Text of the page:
On Friday night, PBS star Bill Moyers took up the question of the media’s coverage of President Obama. It was not a liberal vs. conservative debate. His panel was two left-wing bloggers: Glenn Greenwald of Salon and Jay Rosen of PressThink. Unsurprisingly, they felt the media weren’t "progressive" enough.
But Greenwald went far beyond that, making claims that "establishment media venues" forged a political "partnership" with the Republican Party and "the right wing" during the Lewinsky affair that continued and "translated into the media being blindly supportive and reverent of the Bush administration." He also claimed – against all evidence – that massive demonstrations against the Iraq war in 2003 were almost ignored: "the media virtually excluded those demonstrations from the narrative."
These strange theories erupted without Moyers really demanding an attack on the media elite:
MOYERS: The Rasmussen Poll this week shows an eight point drop in support for the stimulus plan, what do you make of that?
GREENWALD: You know, I think if you go back to the 1990s, what you saw is essentially a partnership between the Republican Party, the right wing, and establishment media venues. And this partnership was formed when they were essentially engaged in their lynch mob over the Lewinsky affair.
And that partnership, those methods that were so successful then, translated into the media being blindly supportive and reverent of the Bush administration. And that partnership hasn't really gone anywhere. And so, I think that Obama, being somewhat new to Washington, and looking at Washington as this culture ready to be changed, and leave behind its old ways - that's what he really believes he can accomplish - may have been somewhat surprised by how potent that process is, when it works together.
And it suffocated his message. It attached the most dreaded label in Washington to what he was trying to do, which is conventional liberalism, that this is just a standard package of liberal economic policies: taxing and spending, and imposing burdens on the American taxpayer. And that message resonated with the media, and therefore, with the American public, and steamrolled the White House in a way that I think demonstrated they weren't really prepared for how vibrant that partnership remains.
Moyers was explicit in suggesting the mainstream media have failed to put enough emphasis on protests against the economic forces that are accused of creating the economic "calamity" unfolding, which led to Greenwald’s claims of ignored war protesters:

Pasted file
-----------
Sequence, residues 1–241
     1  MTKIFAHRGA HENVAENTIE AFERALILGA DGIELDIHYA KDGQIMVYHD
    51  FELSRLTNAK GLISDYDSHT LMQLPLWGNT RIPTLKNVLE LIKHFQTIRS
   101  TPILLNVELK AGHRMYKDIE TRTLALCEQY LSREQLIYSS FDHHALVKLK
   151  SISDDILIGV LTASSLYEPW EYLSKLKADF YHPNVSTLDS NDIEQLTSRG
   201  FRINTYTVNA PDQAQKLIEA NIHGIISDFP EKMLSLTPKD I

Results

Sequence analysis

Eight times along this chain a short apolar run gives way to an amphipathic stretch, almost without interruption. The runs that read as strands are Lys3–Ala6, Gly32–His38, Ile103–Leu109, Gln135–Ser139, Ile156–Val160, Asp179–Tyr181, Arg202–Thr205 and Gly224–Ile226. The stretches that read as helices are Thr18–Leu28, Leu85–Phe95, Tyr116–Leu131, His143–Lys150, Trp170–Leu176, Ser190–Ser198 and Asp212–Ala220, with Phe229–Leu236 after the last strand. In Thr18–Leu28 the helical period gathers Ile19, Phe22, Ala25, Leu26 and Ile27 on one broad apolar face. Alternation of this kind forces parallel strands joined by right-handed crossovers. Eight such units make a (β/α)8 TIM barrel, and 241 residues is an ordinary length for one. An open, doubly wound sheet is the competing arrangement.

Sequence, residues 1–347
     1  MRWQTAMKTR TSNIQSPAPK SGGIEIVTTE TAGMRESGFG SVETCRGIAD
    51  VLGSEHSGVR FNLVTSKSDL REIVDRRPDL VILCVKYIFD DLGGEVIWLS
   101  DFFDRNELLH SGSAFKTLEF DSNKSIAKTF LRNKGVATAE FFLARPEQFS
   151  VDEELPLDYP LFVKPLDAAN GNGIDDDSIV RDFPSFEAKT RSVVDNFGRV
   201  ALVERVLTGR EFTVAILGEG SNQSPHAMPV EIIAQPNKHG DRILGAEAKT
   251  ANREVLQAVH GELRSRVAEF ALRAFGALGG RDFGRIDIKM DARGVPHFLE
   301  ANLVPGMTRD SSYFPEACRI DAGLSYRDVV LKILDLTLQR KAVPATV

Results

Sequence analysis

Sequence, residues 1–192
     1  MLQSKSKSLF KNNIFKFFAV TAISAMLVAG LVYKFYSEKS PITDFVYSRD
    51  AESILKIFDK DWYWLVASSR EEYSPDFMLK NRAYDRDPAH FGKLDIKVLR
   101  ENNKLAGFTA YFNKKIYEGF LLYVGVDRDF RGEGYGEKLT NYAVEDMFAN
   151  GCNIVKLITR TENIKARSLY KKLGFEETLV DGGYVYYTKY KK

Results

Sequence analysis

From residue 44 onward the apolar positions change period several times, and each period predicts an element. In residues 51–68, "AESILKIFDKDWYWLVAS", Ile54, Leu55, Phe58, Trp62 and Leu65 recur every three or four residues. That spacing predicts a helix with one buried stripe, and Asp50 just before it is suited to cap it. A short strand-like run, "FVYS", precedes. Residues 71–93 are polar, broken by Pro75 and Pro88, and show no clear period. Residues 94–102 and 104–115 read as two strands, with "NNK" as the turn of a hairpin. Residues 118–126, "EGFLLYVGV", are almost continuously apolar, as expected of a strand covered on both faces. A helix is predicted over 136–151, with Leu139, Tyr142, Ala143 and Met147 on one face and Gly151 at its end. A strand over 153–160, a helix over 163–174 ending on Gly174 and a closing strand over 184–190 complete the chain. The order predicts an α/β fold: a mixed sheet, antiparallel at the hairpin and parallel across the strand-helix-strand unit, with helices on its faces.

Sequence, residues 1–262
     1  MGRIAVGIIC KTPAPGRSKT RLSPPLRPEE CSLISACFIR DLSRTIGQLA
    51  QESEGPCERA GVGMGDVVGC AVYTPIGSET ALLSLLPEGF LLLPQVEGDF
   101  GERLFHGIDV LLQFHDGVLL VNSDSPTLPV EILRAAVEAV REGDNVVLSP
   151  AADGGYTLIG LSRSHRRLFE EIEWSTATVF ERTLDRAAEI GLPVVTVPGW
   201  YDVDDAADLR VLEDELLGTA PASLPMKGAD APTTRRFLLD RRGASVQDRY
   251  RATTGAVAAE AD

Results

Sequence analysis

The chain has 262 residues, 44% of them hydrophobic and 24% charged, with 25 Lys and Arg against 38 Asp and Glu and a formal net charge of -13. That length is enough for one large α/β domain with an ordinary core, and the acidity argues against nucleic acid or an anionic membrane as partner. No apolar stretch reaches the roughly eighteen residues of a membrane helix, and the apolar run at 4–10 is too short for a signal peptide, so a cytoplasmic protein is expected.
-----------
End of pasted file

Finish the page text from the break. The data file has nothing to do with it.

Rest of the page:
MOYERS: On my computer upstairs, I have a lot of photographs from around the world this week, of protests, demonstrations of people who feel desperate in the midst of economic collapse and calamity. And they're taking to the streets. We don't see that in this country. Will Washington ever get the message unless they feel the pulse of people who are saying we're mad as hell and we're not going to take it any more?
GREENWALD: I think the idea of street demonstrations is probably the most stigmatized idea in our political process. There were huge marches, for instance, prior to the Iraq war, against the war. There were hundreds of thousands of people, millions of people throughout Europe marching in the streets against the war.
And yet, the media virtually excluded those demonstrations from the narrative, because they're threatening, and because they're considered to be the act of unserious radicals and people who are on the fringe, and I think that in some sense, that's reflective of the fact that that level of agitation is probably the most threatening to the people who have a vested in having the system continue unchanged.
Despite the fact that PBS stations are subsidized by taxpayers, no conservative media critic from MRC or elsewhere was allowed a rebuttal. On broadcast network morning and evening news shows, the anti-war rally of January 18, 2003 drew a pile of coverage: 26 segments, 14 of them before the rally began. Our argument at the time in our Media Reality Check report was that the rally in that week that was truly "excluded from the narrative" was the annual pro-life march on Washington on January 22.